Down the years wheels  have been important as a means of transport from place to place, firstly in 1945 then in 1950.

Wheels again  in 1969 in a home made billy cart for a bit of gravity fueled speed

Lachlan winter 1969 billy cart

Freedom to roam in 1972 and 1978

At last in 1979   ……….. an exciting ride on a visitor’s  motor bike

A visiting -motorbike 1979But in recent years,  for the next generation, wheels have become less of a means of transport and more of a sport – BMX racing – as in this Slideshow of No 39 and No 43,

This slideshow requires JavaScript.

And just occasionally a little running repair is needed.

Running Repair

Have a look at the links on the Sepia Saturday page for more interpretations of this motor bike photo.  I only looked at the wheels.2014.09W.03

A rather large tent

For this week’s Saturday Sepia theme of tents I will go back to some men at a sheep sale in 1920 at the large Kooba station in New South Wales which I used in a previous post .

Kooba was a 120,000 acre station in south-central New South Wales . The station had been sold and it was time to sell its 40,000 sheep as well as some cattle and horses. But this time the picture  is of a tent.

Sheep Sale Cars and Tent cIt is believed that this photo was taken on that day.  It’s hard to know what the tent was used for – was it a refreshment tent – you can see a wagon pulled up at the back of the tent which could have brought supplies.  Or was it used as a place for business.  A bonus is seeing all the lovely old cars and the beautiful setting for the tent.

Sheep Sale TentLooking closer you can see men who appear to be sitting at a table.

Kooba Sale Newspaper report

Other tents at other places can be seen via Sepia Saturday

2014.08W.86

 

Telford Brothers Posing for a Picture

Posing is a great word for the theme for this week’s Sepia Saturday   

Here the art of posing is displayed by three of my grandmother’s uncles, rather superior young men looking down their noses,  Telford brothers from Apollo Bay which in earlier days was known as Krambruk.    They were the youngest boys in a family of thirteen.

They show themselves as young bachelors, very much young men about town, though in a tiny little town like Apollo Bay it wouldn’t have been hard to be young men about town !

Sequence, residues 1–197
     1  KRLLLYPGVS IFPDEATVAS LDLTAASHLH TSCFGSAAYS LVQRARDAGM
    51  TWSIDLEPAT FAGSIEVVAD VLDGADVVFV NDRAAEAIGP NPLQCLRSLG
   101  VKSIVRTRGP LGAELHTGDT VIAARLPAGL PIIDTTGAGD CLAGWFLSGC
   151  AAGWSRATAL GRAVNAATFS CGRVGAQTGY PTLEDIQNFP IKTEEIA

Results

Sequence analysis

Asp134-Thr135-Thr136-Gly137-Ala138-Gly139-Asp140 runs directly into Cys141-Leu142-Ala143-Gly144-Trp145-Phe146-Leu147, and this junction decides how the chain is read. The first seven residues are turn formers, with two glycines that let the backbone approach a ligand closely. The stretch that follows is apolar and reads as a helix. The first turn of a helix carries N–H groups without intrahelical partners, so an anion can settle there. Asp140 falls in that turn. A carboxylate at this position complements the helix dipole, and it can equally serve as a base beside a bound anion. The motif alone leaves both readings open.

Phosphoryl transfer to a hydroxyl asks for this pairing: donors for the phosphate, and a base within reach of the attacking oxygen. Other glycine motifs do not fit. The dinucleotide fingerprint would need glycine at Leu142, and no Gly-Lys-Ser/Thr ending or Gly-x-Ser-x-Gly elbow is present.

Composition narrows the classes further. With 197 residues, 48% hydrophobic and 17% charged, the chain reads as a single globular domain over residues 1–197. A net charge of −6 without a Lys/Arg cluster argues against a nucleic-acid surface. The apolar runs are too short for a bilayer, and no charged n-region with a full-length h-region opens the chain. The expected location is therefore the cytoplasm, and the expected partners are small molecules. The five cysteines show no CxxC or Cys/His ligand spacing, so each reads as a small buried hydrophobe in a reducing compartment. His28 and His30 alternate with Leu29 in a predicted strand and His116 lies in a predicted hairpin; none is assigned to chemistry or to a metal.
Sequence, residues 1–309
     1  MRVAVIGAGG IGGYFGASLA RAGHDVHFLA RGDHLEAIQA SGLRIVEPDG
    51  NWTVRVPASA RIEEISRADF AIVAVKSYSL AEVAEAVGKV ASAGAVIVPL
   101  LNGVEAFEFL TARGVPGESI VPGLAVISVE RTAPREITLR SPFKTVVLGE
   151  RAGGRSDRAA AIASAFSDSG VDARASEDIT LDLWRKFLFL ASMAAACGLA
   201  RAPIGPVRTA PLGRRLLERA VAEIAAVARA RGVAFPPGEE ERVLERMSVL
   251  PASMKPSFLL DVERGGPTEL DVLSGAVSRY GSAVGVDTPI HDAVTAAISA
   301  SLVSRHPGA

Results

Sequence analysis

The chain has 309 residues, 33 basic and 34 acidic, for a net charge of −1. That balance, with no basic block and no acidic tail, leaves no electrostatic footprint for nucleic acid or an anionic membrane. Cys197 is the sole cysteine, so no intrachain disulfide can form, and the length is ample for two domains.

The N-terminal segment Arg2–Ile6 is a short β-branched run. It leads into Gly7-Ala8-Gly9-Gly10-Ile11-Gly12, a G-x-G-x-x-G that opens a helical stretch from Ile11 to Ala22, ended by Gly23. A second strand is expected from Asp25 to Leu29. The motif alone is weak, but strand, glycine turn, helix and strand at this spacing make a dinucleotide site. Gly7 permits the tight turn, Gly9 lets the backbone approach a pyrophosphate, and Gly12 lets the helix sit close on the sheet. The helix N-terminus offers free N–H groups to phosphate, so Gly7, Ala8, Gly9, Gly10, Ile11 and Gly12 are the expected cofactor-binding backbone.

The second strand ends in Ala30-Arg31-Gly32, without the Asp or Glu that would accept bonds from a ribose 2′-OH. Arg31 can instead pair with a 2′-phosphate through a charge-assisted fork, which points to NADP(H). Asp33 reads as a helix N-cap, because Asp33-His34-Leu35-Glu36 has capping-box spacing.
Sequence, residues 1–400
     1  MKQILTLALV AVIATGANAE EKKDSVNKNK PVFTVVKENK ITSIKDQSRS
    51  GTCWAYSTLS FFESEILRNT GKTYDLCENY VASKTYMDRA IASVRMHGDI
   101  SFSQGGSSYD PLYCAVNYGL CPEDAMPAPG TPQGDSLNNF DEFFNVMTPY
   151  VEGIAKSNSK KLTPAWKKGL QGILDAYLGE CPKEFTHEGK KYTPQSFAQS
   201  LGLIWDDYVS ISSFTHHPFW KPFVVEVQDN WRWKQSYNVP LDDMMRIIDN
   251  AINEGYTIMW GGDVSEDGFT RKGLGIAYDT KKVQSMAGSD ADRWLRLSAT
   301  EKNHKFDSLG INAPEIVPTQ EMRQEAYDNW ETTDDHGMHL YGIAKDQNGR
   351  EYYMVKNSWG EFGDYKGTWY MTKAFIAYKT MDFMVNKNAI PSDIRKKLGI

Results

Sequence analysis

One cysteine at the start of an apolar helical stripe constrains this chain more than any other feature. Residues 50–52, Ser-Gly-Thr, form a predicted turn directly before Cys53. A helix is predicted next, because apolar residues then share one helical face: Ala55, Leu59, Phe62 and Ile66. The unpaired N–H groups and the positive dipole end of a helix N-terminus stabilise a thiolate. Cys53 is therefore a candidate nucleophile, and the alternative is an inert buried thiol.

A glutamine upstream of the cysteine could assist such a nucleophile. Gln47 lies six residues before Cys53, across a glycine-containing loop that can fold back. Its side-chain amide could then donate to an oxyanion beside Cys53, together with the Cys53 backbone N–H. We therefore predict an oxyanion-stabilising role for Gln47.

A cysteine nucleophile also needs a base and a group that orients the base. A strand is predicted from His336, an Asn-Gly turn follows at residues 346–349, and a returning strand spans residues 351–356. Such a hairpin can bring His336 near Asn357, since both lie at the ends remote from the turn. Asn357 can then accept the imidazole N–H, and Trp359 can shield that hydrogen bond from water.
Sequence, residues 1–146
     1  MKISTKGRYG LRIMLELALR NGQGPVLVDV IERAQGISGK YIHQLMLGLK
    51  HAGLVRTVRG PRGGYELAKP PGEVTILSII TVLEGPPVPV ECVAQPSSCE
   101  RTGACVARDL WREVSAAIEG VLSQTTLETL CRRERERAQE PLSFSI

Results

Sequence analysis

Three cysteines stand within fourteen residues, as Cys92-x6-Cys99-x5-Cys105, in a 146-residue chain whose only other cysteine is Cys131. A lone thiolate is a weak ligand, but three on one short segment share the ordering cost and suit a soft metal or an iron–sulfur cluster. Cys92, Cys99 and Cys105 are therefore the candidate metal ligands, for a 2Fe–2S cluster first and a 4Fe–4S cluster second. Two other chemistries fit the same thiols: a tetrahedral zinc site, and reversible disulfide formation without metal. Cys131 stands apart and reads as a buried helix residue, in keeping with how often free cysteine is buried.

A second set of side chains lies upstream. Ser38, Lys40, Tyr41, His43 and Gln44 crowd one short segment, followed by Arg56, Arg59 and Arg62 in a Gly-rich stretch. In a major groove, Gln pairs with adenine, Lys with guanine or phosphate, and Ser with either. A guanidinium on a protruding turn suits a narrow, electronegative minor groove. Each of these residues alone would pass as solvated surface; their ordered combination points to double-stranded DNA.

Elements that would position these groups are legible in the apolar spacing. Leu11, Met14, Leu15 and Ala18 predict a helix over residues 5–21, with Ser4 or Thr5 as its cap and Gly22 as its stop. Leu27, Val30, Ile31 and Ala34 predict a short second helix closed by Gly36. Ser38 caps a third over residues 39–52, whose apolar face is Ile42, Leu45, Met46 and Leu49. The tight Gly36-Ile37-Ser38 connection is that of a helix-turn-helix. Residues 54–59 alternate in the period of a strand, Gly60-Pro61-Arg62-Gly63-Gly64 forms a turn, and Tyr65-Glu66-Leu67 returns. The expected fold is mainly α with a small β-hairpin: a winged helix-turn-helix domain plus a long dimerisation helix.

Three Telford BrothersFrom the left is Arthur Alfred Telford  (1883) , Norman Noble Telford  (1886)  and William Wallace Telford  (1879).   Norman was born the same year as his niece,  my grandmother   Their parents were Scottish, from Linton in Roxburghshire and Fauldhouse in Linlithgowshire.

I think this photo could be c1900+.  Here are some other photos of the three of them in the same order.  This second photo of Arthur Alfred appears to have been taken on the same day as the group photo.

Notice the alliteration in the christian names.  This had only started with the tenth child – Abner Albert.

More posing, lurking and sharing can be found through this week’s Sepia Saturday

2014.08W.84

Andrew Pender and the Tinker’s Tent

 

This is a group of tinkers photographed in Fife early in the 20th Century.

The dictionary tells us that a tinker is

1.  A travelling mender of metal household utensils

2. Chiefly British    A member of any of various traditionally itinerant groups of people living especially in Scotland and Ireland; a traveller

And as itinerant is the key word for this week’s Sepia Sautrday the definition of tinker allows me to segue into a letter written by William Pender to his son Glaud in Australia in 1855.

We met Glaud Pender when he was proposing a toast to the Duke of Edinburgh  But Glaud had been in Australia since 1852.  Many years ago a distant cousin allowed me to transcribe this letter  from Glaud’s father which  at times is  difficult to follow as you will see.

William Pender lived at Knowes Farm near Fauldhouse in Linlithgow  (West Lothian) which is south of the road from Edinburgh to Glascow.  The letter  begins with a description of an accident involving a tinker suffered by Glaud’s younger brother, Andrew.

__________________________________________________________________Knowes  Janry 12th 1855

Dear Glaud,
I Embrace the opertunity of sending A letter with Euphimia Brown in hope of you Receiving it This is the 6 I have  sent    I am Sorry to inform you Andrew has met with an accident